Updated on February 8th, 2024 by Bob Ciura
Income investors might be tempted to buy stocks with the highest dividend yields. But this is often a mistake, as extreme high-yielding stocks are often in dubious financial condition. While high yields are important, we believe it is equally important to focus on quality.
One way to measure the quality of a dividend stock is by its dividend history. We believe stocks with established histories of dividend growth, are more likely to continue growing their dividends moving forward. This is why we focus on groups of stocks with long histories of increasing their dividends, such as the Dividend Aristocrats.
Meanwhile, investors should also look over the list of Dividend Contenders, which have raised their dividends for 10-24 years.
With this in mind, we created a downloadable list of 300+ Dividend Contenders. You can download your free copy of the Dividend Contenders list, along with relevant financial metrics like price-to-earnings ratios, dividend yields, and payout ratios, by clicking on the link below:
This article will discuss an overview of Dividend Contenders, and why investors should consider quality dividend growth stocks.
Additional information regarding dividend stocks in our coverage universe can be found in the Sure Analysis Research Database.
Table of Contents
You can instantly jump to any specific section of the article by clicking on the links below:
- Overview of Dividend Contenders
- Example Of High-Quality Dividend Contenders: Comcast Corp. (CMCSA)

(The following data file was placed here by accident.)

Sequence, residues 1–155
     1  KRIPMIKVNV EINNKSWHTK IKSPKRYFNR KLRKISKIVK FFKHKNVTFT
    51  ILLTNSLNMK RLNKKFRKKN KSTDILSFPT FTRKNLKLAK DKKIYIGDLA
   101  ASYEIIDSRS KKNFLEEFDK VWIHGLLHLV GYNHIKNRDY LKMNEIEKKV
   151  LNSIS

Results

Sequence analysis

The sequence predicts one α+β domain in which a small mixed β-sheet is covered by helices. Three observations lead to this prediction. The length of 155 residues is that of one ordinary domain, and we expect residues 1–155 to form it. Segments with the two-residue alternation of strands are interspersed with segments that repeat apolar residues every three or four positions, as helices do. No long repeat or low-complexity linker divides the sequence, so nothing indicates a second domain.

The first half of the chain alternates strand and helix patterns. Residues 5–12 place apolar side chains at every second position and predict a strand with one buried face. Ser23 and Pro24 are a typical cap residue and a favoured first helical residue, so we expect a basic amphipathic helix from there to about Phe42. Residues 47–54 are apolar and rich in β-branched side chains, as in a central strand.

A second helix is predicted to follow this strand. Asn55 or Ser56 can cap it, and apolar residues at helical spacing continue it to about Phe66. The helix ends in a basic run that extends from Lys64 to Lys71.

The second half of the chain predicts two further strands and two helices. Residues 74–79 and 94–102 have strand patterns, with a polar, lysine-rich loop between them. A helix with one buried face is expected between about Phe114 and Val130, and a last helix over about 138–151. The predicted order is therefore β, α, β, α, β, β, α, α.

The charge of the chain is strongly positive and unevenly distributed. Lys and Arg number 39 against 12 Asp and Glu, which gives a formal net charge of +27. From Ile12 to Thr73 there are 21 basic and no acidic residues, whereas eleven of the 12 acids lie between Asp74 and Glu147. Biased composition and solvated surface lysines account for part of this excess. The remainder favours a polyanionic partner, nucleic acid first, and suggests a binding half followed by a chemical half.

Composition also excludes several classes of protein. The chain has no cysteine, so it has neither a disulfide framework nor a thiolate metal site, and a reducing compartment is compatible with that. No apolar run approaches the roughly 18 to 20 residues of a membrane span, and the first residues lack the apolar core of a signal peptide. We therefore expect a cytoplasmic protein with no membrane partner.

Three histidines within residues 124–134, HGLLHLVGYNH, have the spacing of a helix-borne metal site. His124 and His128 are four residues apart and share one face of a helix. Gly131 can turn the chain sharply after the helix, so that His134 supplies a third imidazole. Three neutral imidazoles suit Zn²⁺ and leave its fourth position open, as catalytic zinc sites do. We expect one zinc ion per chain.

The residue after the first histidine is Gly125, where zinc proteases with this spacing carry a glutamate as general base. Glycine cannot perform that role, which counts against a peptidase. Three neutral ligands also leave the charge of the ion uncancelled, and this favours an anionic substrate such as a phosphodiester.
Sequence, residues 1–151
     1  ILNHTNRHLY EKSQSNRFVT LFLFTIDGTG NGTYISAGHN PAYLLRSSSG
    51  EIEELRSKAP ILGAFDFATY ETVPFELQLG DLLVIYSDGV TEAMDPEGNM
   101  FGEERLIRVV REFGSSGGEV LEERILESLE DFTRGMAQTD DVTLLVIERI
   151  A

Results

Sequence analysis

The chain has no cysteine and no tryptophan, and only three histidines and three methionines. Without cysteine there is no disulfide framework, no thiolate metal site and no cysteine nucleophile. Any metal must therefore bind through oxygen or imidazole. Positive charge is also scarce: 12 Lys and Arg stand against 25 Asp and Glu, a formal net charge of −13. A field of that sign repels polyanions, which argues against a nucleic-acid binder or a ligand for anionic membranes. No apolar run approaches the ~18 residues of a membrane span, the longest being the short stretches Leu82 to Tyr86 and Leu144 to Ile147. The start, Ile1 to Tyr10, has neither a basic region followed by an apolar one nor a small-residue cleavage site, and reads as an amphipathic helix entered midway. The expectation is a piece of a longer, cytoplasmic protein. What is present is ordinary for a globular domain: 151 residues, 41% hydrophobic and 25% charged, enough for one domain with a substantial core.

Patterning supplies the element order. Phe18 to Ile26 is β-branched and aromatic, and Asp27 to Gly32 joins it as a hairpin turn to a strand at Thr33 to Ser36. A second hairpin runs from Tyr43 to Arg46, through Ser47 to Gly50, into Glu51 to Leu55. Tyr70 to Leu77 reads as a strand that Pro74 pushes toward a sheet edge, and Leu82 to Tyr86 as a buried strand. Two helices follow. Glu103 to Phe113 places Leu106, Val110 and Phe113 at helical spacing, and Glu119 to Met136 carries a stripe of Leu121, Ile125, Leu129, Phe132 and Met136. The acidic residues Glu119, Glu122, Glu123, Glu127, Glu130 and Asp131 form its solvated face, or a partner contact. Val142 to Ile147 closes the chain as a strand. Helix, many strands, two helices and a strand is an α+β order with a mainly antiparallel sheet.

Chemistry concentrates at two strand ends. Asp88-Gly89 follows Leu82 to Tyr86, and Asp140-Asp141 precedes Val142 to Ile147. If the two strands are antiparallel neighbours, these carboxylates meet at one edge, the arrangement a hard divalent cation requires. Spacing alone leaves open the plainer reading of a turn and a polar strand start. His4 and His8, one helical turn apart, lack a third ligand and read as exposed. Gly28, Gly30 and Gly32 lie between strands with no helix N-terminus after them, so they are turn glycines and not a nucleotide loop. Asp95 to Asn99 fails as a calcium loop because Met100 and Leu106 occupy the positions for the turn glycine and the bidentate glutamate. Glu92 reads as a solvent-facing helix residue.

- Final Thoughts
Overview of Dividend Contenders
The requirement to become a Dividend Contender is fairly straightforward: 10-24 consecutive years of dividend growth. While 10-24 years may not seem like the longest track record, and indeed there are stocks with much longer streaks of annual dividend hikes, it is nevertheless a positive indicator.
After all, there are a number of companies that have never paid a dividend. Or, even among companies that do pay dividends, many have not been able to raise their dividends consistently due to a lack of underlying business growth.
Many companies cannot pay dividends, or raise dividend payouts from year to year, because their business models do not generate enough profits or cash flow.
Cyclical companies also have trouble joining lists of long-running dividend growth stocks, because their profits collapse during recessions.
Automakers and oil stocks are good examples of highly cyclical companies that will often freeze or cut their dividends during recessions.
In recessions, corporate profits typically decline, particularly within industries that are closely tied to consumer spending. In 2020-2021, companies across multiple industries suspended or eliminated their dividend payouts due to the impact of the coronavirus pandemic on the global economy.
That said, there were many companies that maintained their dividends over the past two years, and even continued to raise them, despite the pandemic.
The highest-quality dividend growth stocks that continued to increase their dividends, once again proved the staying power and durable competitive advantages of their business models.